STS-127 Launch Pictures

Jul 15 2009 Published by under Life in an Army Family, Misc

I just saw a shuttle launch! I haven't been this excited since Christmas Eve, 1985!

I would have mentioned I was going to the launch ahead of time here, but things happened kinda quick. Here's a condensed version of events:

As you might expect, there's extensive medical support at shuttle launches. One of the layers of support falls more or less into the "let's really, really, really hope we don't need these guys" category - medical personnel who support a rescue operation, if one is needed. Many of the doctors who work those standbys are military personnel, because the job description requires a bunch of stuff - flight certification, water survival training, that sort of thing - that aren't part of the average residency training program.

My wife is certified to provide that sort of shuttle medical support. Yesterday, she was asked to get down to KSC if at all possible today, because they were going to be short of people if the mission got bumped to tomorrow. She spent the rest of yesterday and part of this morning getting all the permissions in order, and at 8:30 this morning - CDT - we had the family in the car and on the way from Ft. Rucker to the space center. We rolled in to Space View Park in Titusville at about 4:45 this afternoon, EDT, and were in time to secure decent viewing spots along the Indian River for the 6:03 launch.

The launch went off on schedule, and definitely was one of those experiences - even at a distance of 10 miles - that can't be fully captured. You really do have to be there.

Some of the pictures I took of the launch are below the fold:

The pictures have been cropped and converted to jps from raw, but I haven't had time to try to enhance them in any other way. You can click on the images for larger versions. The pictures were taken with a Canon XSi and a Canon 75-300mm zoom lens.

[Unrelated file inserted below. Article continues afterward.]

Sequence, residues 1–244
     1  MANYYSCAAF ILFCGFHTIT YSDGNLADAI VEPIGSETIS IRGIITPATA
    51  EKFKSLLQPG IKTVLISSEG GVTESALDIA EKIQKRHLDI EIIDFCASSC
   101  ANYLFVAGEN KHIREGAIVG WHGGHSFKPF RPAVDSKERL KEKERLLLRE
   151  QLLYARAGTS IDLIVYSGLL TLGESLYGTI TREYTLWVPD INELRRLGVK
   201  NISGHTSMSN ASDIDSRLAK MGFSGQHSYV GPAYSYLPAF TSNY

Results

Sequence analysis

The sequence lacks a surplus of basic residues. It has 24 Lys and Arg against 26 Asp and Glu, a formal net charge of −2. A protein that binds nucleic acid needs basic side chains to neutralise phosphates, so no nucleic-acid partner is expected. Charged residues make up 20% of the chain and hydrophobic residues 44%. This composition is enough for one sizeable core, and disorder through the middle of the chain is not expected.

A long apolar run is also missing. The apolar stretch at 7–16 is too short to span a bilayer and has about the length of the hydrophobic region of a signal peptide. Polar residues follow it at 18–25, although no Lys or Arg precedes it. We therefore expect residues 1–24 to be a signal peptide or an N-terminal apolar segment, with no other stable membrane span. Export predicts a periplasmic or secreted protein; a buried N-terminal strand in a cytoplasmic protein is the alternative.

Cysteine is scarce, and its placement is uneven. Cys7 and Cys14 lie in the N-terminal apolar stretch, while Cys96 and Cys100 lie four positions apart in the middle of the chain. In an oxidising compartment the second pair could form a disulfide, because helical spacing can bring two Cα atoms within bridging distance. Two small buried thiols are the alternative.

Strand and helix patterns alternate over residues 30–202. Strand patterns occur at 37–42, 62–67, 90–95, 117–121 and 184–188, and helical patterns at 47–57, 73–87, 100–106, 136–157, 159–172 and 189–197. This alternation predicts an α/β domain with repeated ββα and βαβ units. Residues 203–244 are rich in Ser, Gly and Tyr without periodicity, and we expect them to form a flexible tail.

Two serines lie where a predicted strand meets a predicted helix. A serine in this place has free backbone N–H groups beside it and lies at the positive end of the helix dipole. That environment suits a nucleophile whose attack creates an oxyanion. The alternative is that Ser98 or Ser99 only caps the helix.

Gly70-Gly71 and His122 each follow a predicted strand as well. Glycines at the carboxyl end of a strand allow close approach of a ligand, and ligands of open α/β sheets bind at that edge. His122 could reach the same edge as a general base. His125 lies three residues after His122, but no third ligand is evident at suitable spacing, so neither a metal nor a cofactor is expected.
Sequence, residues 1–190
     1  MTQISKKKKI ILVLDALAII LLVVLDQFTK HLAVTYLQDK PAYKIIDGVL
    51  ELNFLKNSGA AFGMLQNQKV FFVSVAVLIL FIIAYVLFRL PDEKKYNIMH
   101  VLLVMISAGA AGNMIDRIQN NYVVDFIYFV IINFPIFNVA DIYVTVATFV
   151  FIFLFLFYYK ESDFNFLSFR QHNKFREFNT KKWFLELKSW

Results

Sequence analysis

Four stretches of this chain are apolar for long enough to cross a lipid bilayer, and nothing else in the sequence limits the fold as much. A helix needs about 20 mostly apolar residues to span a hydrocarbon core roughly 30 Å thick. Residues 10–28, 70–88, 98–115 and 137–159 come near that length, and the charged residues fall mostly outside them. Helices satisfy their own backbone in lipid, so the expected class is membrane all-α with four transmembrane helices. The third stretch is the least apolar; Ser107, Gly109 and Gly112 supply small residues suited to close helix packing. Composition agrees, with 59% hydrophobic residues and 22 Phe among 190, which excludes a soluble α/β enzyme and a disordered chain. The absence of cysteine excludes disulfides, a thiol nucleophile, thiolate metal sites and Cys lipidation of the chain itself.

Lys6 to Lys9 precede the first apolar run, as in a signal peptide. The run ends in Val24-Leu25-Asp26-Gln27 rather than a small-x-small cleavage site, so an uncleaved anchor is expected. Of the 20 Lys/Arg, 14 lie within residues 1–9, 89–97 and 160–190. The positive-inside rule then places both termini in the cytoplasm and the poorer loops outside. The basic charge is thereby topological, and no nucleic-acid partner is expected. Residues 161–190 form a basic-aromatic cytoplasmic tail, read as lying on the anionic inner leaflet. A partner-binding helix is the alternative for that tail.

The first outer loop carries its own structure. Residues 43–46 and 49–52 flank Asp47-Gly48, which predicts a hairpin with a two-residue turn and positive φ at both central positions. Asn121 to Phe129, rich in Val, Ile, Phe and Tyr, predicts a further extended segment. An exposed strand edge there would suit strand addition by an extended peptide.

Sts127-1

Sts127-2

Sts127-3

Sts127-4

Sts127-5

Time permitting (and it may not), I'll get a few others up later.

11 responses so far

  • John Lynch says:

    Sweet, Mike. I am envious.

  • Taylor says:

    Saw a nighttime shuttle launch back in 1999 (I think) and as you say it is a memorable event. The long wait is part of the fun, the feeling of shared excitement, the NASA helicopters doing fly-bys, the countdown, the aftermath as the PA tells us the Shuttle is already halfway around the world as we start breaking up....

  • Ian says:

    Unfortuantely, now they're concerned (again) about "debris" falling off the main tank which may (or may not) have damaged the shuttle.

  • Eamon Knight says:

    I haven't been this excited since Christmas Eve, 1985!
    And what was it that you got for Christmas that year?

  • Jim Collins says:

    I am even more envious than most. My wife and three teen age kids and I delayed the return from our Florida vacation one extra day to see the launch. We got to Space View Park at 12:15PM on Sunday. Stayed there all day in the heat only to have thunderstorms roll in at the last minute. They cancelled just 10 minutes prior to launch. Since we stayed an extra day, we had to drive straight through going home. It made for a really long 1100 mile trip. You lucky dog!

  • Mike Dunford says:

    @Eamon: You know, I honestly can't remember. I was thinking that was the X-Wing year, but Return of the Jedi was 1983. But I just got back to Alabama - 37.5 hours after leaving to go to the launch - so my brain may still be in transit.
    @Jim: Yeah, luck had a heck of a lot to do with it. Sorry things didn't work out as well for you.

  • KeithB says:

    While I am not sure what a trauma surgeon would do given the results of most rocket accidents, I am glad your wife wasn't actually needed...
    Oh, and I am jealous, too.

  • Mike Dunford says:

    Actually, my wife's finished residencies in family medicine and aerospace/preventative med, but like most flight surgeons, she's not actually a surgeon. (The title goes back to a time when the military referred to any doctor as a surgeon regardless of specific training.)
    There are apparently a number of launch and landing scenarios that would lead to the possibility of actual rescues, including several that involve the shuttle crew parachuting into the ocean.

  • Crudely Wrott says:

    That next to the last shot is wonderful. The straight exhaust trail after the initial roll. The engine flames. The clouds behind. Whew! Nice.
    To your wife: Thanks for your service and hard work.

  • Something about these photos is much more immediate than the humdrum of TV coverage. Thanks!

  • They cancelled just 10 minutes prior to launch.